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COURSE NUMBER: ENGL 315
COURSE TITLE: Old English Language and Literature
NAME OF INSTRUCTOR: Brett Roscoe
CREDIT WEIGHT AND WEEKLY TIME DISTRIBUTION: credits 3 (hrs lect 3 - hrs sem 0 - hrs lab 0)
COURSE DESCRIPTION: Anglo-Saxons battling Vikings, miraculous stories of angels and saints, riddles, elegies about the transience of the world, Beowulf's heroic deeds-all these and more can be found in English literature between the 5th and 11th centuries. According to J. R. R. Tolkien, "the unrecapturable magic of ancient English verse" can only be experienced by "those who have ears to hear," or those who can read Old English verse in its original language ("On Translating Beowulf"). This course introduces students to the language and literature of the Anglo-Saxons. It combines language instruction with literary study, readings of modern translations with readings in the original language, so that students may experience firsthand the earliest English literature. No previous linguistic training is required.

Prerequisites: ENGL 215
REQUIRED TEXTS:
  • Chickering, Howell D. Jr. Beowulf: A Dual Language Edition. New York: Anchor Books, 2006.
  • Crossley-Holland, Kevin. The Anglo-Saxon World: An Anthology. Oxford: Oxford University Press, 2009.
  • Baker, Peter S. Introduction to Old English. 3 rd  ed. Malden, MA: Wiley-Blackwell, 2012.
MARK DISTRIBUTION IN PERCENT:
Participation 10%
Quizzes 10
Midterm20%
Essay (4-5 pages)15%
Annotated Translation Project20%
Final Exam 25%
100%
COURSE OBJECTIVES: Students will …
  • become familiar with the Old English literary corpus by reading texts in translation
  • acquire the basic grammatical knowledge and vocabulary required to begin reading Old English texts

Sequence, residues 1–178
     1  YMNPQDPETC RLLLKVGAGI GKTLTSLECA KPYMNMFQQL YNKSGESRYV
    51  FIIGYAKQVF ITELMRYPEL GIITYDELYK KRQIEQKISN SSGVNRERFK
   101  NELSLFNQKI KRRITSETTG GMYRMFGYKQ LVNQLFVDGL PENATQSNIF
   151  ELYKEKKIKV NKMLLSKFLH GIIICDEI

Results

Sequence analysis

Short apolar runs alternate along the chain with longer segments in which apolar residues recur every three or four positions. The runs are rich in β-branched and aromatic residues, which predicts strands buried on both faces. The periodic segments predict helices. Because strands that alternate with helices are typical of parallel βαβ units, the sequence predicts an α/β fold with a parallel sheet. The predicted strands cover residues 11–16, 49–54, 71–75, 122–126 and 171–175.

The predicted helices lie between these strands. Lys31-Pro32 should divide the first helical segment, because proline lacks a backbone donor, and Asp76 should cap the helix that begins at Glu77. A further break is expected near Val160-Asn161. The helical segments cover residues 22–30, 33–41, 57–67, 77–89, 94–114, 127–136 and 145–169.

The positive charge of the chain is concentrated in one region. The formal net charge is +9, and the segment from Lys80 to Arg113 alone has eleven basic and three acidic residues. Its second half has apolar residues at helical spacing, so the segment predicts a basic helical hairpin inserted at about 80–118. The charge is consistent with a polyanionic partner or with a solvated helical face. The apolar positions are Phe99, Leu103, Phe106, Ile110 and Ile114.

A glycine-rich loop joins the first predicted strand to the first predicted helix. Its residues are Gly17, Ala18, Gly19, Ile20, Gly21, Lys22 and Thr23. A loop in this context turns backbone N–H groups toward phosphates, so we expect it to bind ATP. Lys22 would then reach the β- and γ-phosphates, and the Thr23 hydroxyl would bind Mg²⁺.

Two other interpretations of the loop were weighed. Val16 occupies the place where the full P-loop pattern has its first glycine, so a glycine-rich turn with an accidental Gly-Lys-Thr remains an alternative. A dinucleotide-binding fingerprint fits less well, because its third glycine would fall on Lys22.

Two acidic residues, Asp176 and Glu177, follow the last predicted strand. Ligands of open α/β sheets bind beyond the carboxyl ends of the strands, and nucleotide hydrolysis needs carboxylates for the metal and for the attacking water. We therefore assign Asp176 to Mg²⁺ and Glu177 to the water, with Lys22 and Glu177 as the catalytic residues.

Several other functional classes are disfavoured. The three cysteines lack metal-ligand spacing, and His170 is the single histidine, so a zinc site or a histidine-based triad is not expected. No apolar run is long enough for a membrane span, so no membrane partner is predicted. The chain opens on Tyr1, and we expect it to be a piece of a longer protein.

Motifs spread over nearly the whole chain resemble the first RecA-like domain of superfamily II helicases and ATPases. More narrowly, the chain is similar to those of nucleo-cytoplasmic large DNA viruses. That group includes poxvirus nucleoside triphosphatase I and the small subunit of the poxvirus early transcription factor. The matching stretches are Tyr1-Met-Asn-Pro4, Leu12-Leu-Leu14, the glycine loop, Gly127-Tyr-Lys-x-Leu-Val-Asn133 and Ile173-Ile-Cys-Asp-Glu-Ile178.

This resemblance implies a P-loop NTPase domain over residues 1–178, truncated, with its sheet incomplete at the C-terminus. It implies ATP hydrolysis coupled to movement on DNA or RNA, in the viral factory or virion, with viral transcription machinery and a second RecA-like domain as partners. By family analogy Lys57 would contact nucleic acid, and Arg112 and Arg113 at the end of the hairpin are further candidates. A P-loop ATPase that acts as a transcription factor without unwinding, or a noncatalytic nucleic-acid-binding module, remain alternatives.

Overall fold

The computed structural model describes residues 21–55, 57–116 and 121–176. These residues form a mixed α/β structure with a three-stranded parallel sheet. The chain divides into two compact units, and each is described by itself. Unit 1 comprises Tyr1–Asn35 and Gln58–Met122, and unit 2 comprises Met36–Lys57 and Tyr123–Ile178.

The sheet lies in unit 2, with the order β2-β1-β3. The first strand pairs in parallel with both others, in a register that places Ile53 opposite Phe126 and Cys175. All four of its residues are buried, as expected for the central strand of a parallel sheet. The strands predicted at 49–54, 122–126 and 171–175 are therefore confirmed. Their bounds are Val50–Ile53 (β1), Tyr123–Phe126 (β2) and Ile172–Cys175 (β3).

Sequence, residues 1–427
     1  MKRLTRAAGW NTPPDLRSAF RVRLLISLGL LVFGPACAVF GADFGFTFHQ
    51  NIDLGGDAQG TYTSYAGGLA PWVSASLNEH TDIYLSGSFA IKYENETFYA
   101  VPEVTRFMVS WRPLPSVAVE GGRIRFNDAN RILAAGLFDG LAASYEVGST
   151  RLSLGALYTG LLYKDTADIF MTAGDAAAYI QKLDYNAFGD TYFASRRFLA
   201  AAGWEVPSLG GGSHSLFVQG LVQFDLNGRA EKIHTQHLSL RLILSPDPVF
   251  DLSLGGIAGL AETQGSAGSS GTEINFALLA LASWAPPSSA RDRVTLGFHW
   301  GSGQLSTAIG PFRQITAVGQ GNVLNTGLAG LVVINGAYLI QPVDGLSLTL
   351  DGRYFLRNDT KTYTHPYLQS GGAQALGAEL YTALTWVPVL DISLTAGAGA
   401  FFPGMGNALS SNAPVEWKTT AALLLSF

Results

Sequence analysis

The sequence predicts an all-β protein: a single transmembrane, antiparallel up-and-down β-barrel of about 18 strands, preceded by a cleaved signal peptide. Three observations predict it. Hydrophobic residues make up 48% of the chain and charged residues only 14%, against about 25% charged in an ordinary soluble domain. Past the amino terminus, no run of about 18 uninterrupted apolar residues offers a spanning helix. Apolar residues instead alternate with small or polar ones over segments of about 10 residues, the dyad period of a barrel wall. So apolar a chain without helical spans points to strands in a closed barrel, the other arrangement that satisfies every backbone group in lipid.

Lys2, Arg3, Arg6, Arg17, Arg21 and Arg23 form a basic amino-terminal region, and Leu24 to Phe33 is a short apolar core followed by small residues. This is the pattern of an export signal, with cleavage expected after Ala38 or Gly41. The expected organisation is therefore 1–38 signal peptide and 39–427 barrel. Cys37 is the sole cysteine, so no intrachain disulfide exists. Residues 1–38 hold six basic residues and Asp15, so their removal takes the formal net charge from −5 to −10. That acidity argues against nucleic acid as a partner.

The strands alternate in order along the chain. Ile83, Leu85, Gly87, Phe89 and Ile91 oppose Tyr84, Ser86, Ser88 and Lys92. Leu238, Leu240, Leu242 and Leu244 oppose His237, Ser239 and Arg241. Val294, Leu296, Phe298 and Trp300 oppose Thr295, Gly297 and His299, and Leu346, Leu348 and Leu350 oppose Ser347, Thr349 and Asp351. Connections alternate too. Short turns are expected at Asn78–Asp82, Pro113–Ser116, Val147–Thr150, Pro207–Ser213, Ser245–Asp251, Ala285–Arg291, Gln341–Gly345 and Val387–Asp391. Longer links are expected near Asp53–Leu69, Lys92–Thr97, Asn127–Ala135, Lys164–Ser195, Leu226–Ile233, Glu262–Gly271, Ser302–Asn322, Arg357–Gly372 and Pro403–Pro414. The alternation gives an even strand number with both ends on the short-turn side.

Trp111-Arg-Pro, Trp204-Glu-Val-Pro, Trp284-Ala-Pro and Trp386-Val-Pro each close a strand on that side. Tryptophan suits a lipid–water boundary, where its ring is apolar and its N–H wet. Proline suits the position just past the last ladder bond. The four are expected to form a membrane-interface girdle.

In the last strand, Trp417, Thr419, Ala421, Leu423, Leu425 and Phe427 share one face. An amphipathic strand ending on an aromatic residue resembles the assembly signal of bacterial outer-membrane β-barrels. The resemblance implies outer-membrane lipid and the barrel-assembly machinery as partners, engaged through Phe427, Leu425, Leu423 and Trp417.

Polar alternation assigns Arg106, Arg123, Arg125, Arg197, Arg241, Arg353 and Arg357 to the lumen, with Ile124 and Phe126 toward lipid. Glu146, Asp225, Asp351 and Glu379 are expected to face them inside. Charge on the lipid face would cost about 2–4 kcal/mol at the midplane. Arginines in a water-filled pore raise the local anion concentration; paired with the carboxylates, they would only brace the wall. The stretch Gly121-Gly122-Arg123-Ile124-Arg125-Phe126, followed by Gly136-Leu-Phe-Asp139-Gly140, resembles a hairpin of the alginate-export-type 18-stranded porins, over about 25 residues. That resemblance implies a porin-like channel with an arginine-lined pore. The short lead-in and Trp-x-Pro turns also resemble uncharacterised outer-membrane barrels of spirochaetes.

• practice reading and translating Old English poetry
  • become familiarized with some of the textual, linguistic, and cultural difficulties of reading Old English texts.
  • develop close reading skills by learning to appreciate the relation between the form and content of literature.
  • be encouraged to read both sympathetically and critically within a Christian framework.
  • practice research and essay writing skills
COURSE OUTLINE:
  • Jan 5 Introduction to the Course
  • Jan 8 Baker 2.1 (pp. 12-16), 2.6, 2.7
  • Jan 10 Stories of Origins: Baker 1.1; Crossley-Holland, 33-43, 159-63
  • Jan 12 Baker ch. 4
  • Jan 15 Baker 5.1.1, 5.1.2
  • Jan 17 Baker 5.1.3
  • Jan 19 Baker 6.1.2, 6.1.3; Crossley-Holland, “Bede’s Death Song” (205)
  • Jan 22 Quiz #1; Baker 6.1.1
  • Jan 24 I.S. Conference (regular classes canceled)
  • Jan 26 Extra practice with (pro)nouns; Crossley-Holland “The Ruin” (59-60), “Durham” (204-05)
  • Jan 29 Quiz #2; Baker 7.1.1, 7.1.2, 7.8
  • Jan 31 Extra practice with verbs
  • Feb 2 Baker 7.10, 8.1
  • Feb 5 Quiz #3; “The Gifts of Men” (Moodle); Crossley-Holland, “The Fortunes of Men” (301-06)
  • Feb 7 Review
  • Feb 9 Review;
  • Feb 12 Crossley-Holland, “Allegory” (279-89)
  • Feb 14 Translation: Baker, “The Story of Cędmon” paragraphs 12-13 (just the poem); Reading: Baker ch. 14
  • Feb 16 Midterm
  • Feb 19-23 Reading week (no classes)
  • Feb 26 Translation: Riddles D (p. 226) and F (p. 227); no reading, but please bring the Crossley-Holland book to class.
  • Feb 28 Translation: Riddles A (pp. 224-25) and C (pp. 225-26); no reading, but please bring the Crossley-Holland book to class
  • Mar 2 Translation: The Battle of Maldon ll. 1-24; Reading: Crossley-Holland,
  • The Battle of Maldon (pp. 11-19)
  • Mar 5 Translation: The Battle of Maldon ll. 25-61
  • Mar 7 Translation: The Battle of Maldon ll. 62-107
  • Mar 9 Translation: The Battle of Maldon ll. 285b-94 and 309-25
  • Mar 12 Discussion of The Battle of Maldon
  • Mar 14 Translation: The Wanderer ll. 1-36; Reading: Crossley-Holland, The Wanderer (pp. 50-53)
  • Mar 16 Translation: The Wanderer ll. 37-72
  • Mar 19 Translation: The Wanderer ll. 73-115
  • Mar 21 Translation: The Dream of the Rood ll. 1-38; Reading: Crossley-Holland, The Dream of the Rood (pp. 200-04)
  • Mar 23 Translation: The Dream of the Rood ll. 39-77
  • Mar 26 Translation: The Dream of the Rood ll. 78-121
  • Mar 28 Translation: The Dream of the Rood ll. 122-56
  • Mar 30 Good Friday (no classes)
  • Apr 2 Easter Monday (no classes)
  • Apr 4 Discussion of The Dream of the Rood
  • Apr 6 Reading: Crossley-Holland, Beowulf (pp. 74-154)
  • Apr 9 Translation: Beowulf ll. 86-114 and 710-719
  • Apr 11 Translation: Beowulf ll. 720-36a and 765b-90
  • Apr 13 Translation: Beowulf ll. 2231b-77
  • Apr 16 Review


Required texts, assignments, and grade distributions may vary from one offering of this course to the next. Please consult the course instructor for up to date details.

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